Sunday, February 20, 2011: 8:00 AM-9:30 AM
145B (Washington Convention Center )Natural disasters come in many shapes and sizes. Most are related to the weather. Some are predictable like a hurricane. Some, like an earthquake, surprise us. What is certain is that they cause more fatalities and notable/irreversible damage in developing countries than anywhere else. According to the International Monetary Fund (IMF), the costs are now 15 times greater than in the 1950s, the number has increased 400 percent since 1975, and one-third of the world's population has been affected over the past 10 years. The phase that follows immediate humanitarian aid is critical, but this may be precisely when the world's watching public loses interest. Often, the resources needed for reconstruction may well exceed the capacity of affected countries. This is why the United Nations, World Bank, and the European Commission are joining their efforts and resources. This session will explain the dynamics behind this emerging process and the details of the Joint Declaration for Post-Disaster Needs Assessment and Recovery Framework (PDNA). Speakers will evidence how combined efforts, for example in Haiti, are already speeding up recovery. In particular, they will provide insights into how shared advances in geospatial and information technologies are key tools to develop the data, assess the damage, and disseminate the results to all stakeholders in the PDNA process. The session will be a timely forerunner to two international workshops taking place in 2011 on this theme.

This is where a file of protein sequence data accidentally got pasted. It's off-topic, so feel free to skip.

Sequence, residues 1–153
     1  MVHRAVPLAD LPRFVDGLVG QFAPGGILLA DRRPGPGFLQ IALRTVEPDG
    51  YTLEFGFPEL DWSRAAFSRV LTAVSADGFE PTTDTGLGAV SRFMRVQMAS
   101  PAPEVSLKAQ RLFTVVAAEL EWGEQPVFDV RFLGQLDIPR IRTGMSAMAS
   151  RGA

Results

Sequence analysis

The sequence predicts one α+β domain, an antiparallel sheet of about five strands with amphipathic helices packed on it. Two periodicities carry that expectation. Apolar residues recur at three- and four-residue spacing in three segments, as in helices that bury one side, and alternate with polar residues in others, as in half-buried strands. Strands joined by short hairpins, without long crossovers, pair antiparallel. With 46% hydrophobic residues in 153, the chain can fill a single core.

Delilah Al Khudhairy, European Commission, JRC Institute for the Protection and Security of the Citizen
Geraldine Barry, European Commission, JRC
Stephan Lechner, European Commission, JRC Institute for Protection and Security of the Citizen